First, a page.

How I Would Implement Detection With the Sense Monitor

Note - Have moved Vance’s thoughts to a new topic instead of hijacking on the Hue Integration. Deserves its own thread.

Your expecting Sense to actually use the internet/wi-fi in your home to sense smart devices and smart appliances? Especially after they told me the consider a marker like inductive reflection on a power line useless? Oh silly boy, when will you learn. After being on the coding team that brought you TCP/IP, I have come to learn that my latter day electrical engineering and now computer science engineers, well unless someone like me points out their short comings, management is too stupid to set proper expectations… If Sense were smart, they would make the source an open source project, and then use that to make the secure private version they support. or hire capable staff… I don’t expect anything soon in my lifetime… and I’m 65… Grow a pair Sense and ask me. It’s not as if I am not working on a SCADA system and WAGO is sending someone to look at my ideas… Like using the power line to send data to be monitored on top of wifi for reliable discovery… And since I have been told my work opens up the door for a multi-billion company built on industrial/high-tech maybe the offshoot will get this done before Sense. Kevin, I have 10 smart appliances now and Sense can find a single one. It thinks the Tea Pot and Microwave are the same device with two different current requirements. So much for 20 attributes to distinguish.

Hi @vance.turner,

Appreciate your depth of knowledge, Just wish you would focus it a little on the specifics of the issues raised, instead of walking through your accomplishments and possible ideas.

Reality Check

  • The current monitor is what it is - it doesn’t include a time domain reflectometer, though it could possibly be repurposed to do that function given the sapling rate, plus DSP and FPGA inside. But the die has been cast on the present monitor and the two largest electric meter suppliers to the US have adopted the Sense approach for realtime sampling. Not likely to see major changes. There will likely be add-ons to detection capabilities in the cloud, but that won’t be the kind of real-time bubble detections shown today.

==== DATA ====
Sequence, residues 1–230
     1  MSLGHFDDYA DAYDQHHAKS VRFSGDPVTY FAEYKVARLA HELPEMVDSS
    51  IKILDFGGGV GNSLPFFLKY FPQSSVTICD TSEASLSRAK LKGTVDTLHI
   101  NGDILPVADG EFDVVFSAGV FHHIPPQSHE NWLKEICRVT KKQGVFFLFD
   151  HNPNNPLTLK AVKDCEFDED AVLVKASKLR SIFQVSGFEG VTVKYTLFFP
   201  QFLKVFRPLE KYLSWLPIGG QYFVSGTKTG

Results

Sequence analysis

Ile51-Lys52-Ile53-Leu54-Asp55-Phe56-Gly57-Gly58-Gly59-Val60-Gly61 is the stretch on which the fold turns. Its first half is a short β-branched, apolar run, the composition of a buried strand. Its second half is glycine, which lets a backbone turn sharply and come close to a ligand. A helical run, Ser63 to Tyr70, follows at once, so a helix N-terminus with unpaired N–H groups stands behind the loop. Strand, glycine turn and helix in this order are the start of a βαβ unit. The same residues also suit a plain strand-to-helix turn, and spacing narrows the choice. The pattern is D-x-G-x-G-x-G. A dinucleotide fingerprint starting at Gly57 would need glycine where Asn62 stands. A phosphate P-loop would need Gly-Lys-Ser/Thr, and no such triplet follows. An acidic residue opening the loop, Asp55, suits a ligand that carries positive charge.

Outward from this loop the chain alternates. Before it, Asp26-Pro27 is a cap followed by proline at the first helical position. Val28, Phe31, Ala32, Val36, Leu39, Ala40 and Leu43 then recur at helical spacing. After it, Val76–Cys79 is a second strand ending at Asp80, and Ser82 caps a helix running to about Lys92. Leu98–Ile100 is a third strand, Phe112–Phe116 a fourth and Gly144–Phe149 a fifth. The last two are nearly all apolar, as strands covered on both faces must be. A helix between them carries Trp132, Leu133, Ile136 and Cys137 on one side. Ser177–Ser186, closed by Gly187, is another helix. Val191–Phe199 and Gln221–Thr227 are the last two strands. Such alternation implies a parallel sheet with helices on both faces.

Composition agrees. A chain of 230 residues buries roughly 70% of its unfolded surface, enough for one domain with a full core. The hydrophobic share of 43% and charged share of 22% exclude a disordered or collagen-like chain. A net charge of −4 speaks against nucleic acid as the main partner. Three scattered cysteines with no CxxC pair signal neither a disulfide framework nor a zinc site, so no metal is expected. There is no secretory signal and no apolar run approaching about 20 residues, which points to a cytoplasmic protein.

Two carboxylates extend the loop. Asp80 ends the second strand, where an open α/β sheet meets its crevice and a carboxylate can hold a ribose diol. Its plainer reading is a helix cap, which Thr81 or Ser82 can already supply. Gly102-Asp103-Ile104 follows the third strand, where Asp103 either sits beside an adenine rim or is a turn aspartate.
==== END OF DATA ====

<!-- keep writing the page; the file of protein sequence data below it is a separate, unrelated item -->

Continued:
• If you want to discuss your Teapot vs Microwave detection, post detailed Power Meter screenshots of both going on and off, preferably from the phone/tablet app, not the web app, since the phone/tablet app will include more diagnostic information (the power transition values tagged to the edges of the on and off spikes)

  • If you want to discuss the Hue integration, learn how it works first, before disparaging other users who want to learn (“Oh silly boy, when will you learn.”). The Hue integration does indeed work - not sure why you might claim otherwise.

You’re obviously a smart guy, but you don’t come across as very helpful, or frankly very knowledgeable about details of operation outside of your cloistered view of things. Would love to harness your knowledge to sort through specific issues, rather than wildly associative ideation - we have ChatGPT for that :wink:


Dude, really do I have to spell out the simplicity of some of this with just 4 current sensors? Let me explain what my panel configuration is and how simple it is to make some decisions you “CURRENTLY” don’t. I have 2 200 amp services side by side that have feeders 25 feet long to the out building that houses a 400 amp service not to mention the 200 amp panel in that building the 400 amp transfer switch and soon the generator and 6KW inverter “ABB”. All that I wire and the inspector drools over all buried. Now back to those 2 panel and the dream of 2 sense units I could integrate.
There is 50 feet of cable between the two sensors and that means directionality of the flow. The inductive flow will show the two main spikes and two reflections that should restrict the discovery to its panel. Big win over what you do now. And oh yes…Too simple for you to consider… That at least would give you a heads up on the device count right off. Like the Electric tea kettle you confuse with the Microwave. And I find that on the stove you sense the cool down of a burner on the stove as a 2 watt draw.
Now to your stupid coders…I CAN WRITE BETTER CODE… Like on the graph setting two points to identify as a suggestion the device I turn own purposely say “HEY STUPID THIS WAS THE SMART DISHWASHER YOU CANT ACCESS VIA THE WIFI TO INQUIRE” There would be a start… That gets us to open source and their “Inquiry” capabilities. What dumb bunny at Sense learned TCP/IP? Let me give you a clue. Just after you discover your IP address and know the IP network your a member of, issue an all ones broadcast and record the ARP table that responds. From their MAC address let me not go into the panacea of what you discover, Like the MFGR… Does wonders for smart appliances, and oh yes, smart outlets. The some dumb server back at Sense can determine the appropriate inquiry message. Now that I gave you a 5 year development plan maybe someone’s smart enough to reach out to me so I can show you how to code it in less than 30 days. And then we can get to the hard part, or let me work with WAGO to build what your unwilling to.